"SEIZE THE BLU-RAY!" @ 27 January 2012 04:23 PM
It is arguable that Dead Poet's Society can be called Robin Williams' best film, or his best performance, but doing so only diminishes much of his other impressive work on film and television (and for those lucky enough to have seen him, on stage). I would go as far as to say that Dead Poet's Society is probably the best dramatic film from the heydey of Disney's then-emerging Touchstone division.
The film's audio commentary (thank you!) is chock full of interesting facts. Screenwriter Tom Schulman talks about how several studio executives held a meeting in which they were going to go over pages of "notes" with endless comments and changes -- then Jeffrey Katzenberg glanced through the pages and told Schulman to go ahead and make the film as written.
The finished film is the subject of some discourse, because what we saw in the theaters back in 1989 is shorter than what appeared on the "director's cut" on laserdisc. Several of the edited scenes (perhaps not all, I'm not sure) are available on the special features section of the Blu-ray. You can make your own decision about whether these scenes should have stayed, but to me, the movie that I saw and never forgot in 1989 is the film as presented here.
Except that when I saw it, the film did not look or sound like it does on this Blu-ray. Director Peter Weir is a very contemplative filmmaker, prone to capturing scenery and moments that establish various moods. Many of these extraordinarily beautiful scenes of Delaware in the fall and winter are downright dazzling on Blu-ray.
Back to the movie itself, though -- it has not lost any of its impact in the ensuing years. Williams' character of Prof. Keating is not the hellbent-for-conflict hummingbird he played in Good Morning Vietnam (though in Dead Poet's Society, he gets just a few minutes to do some of his iconic shtick). There is amazing depth in his silence as well as his inspiring speech, almost an internal battle between what life can be and what life has dealt him (even though we get little hint of that in the narrative).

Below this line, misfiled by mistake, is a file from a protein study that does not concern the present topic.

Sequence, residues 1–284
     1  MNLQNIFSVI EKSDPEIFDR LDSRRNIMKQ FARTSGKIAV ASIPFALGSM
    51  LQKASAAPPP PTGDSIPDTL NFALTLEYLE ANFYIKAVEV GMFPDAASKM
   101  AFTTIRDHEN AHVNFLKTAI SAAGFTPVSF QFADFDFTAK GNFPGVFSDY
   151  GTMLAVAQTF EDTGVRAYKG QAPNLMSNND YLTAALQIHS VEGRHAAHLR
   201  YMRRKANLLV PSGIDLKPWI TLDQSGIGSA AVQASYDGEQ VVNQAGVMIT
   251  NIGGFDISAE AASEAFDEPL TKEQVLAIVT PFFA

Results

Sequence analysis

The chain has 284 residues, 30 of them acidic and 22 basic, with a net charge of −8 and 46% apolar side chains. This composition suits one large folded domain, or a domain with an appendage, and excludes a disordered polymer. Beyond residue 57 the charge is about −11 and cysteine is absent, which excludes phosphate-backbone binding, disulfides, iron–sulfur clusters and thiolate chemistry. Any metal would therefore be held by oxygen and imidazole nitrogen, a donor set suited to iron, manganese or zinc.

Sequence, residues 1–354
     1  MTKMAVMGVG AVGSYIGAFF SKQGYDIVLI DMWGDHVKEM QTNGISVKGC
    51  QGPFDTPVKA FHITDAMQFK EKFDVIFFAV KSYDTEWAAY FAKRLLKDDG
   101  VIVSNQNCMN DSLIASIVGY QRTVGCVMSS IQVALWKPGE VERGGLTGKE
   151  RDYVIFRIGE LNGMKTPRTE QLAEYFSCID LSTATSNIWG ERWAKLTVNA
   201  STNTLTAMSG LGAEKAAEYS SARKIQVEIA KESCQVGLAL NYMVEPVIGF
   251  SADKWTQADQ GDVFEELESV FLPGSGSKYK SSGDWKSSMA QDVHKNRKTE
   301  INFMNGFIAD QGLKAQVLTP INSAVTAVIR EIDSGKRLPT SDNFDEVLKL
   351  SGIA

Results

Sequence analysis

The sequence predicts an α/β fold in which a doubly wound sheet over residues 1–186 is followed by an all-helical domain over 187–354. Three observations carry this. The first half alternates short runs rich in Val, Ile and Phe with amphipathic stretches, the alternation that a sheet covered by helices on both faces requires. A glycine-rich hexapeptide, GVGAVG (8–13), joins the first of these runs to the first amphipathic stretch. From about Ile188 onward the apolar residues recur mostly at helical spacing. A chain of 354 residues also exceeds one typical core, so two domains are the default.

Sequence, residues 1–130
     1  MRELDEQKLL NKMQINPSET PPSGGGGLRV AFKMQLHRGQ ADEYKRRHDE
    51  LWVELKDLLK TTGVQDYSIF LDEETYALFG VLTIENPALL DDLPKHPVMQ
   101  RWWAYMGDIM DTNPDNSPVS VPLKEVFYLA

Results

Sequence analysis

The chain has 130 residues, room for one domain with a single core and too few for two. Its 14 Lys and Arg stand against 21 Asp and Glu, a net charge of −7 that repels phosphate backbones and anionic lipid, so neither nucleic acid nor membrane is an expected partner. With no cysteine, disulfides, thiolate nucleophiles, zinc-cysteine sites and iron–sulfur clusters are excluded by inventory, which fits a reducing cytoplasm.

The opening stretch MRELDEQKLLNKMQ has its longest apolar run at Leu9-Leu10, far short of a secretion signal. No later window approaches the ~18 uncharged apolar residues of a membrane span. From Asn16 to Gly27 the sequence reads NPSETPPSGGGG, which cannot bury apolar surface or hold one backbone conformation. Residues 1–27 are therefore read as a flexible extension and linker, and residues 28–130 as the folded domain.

Every member of the cast rises to the occasion, particularly one of the best actors now on television, Robert Sean Leonard, who artfully plays the best (only?) friend of Hugh Laurie in the long-running series, House.
One of the most thankless performances in the movie is that of Kurtwood Smith, also handled masterfully: as Leonard's immovable father, brings dimension to a very unlikable role. Again, that draws attention to how different an edited film can be from a director's cut -- there is one deleted scene between Smith and Williams from the last act that, had it remained, would have made a huge difference in the perception of both characters. It's helpful that we get a featurette on the bonus materials (clearly from an earlier DVD) in which the creative people discuss how they approached the challenges.
Weir explains that he deliberately avoided clear-cut answers in the film. Keating tells young, impressionable teens to reach beyond their grasp, as did the legendary people he quotes. He doesn't warn them that those visionaries paid their prices in one way or another. When some of these teens take chances, only some succeed, just as in real life. Is it worth it? What a great discussion this opens for parents and their kids.
In its context of late-1950's McCarthyism, perched at the edge of cultural revolution in the '60s, Keating is an outspoken voice before it was cool. In today's world of extremes from one spectrum of propriety to another, as well as political correctness, one might wonder how he would fare.
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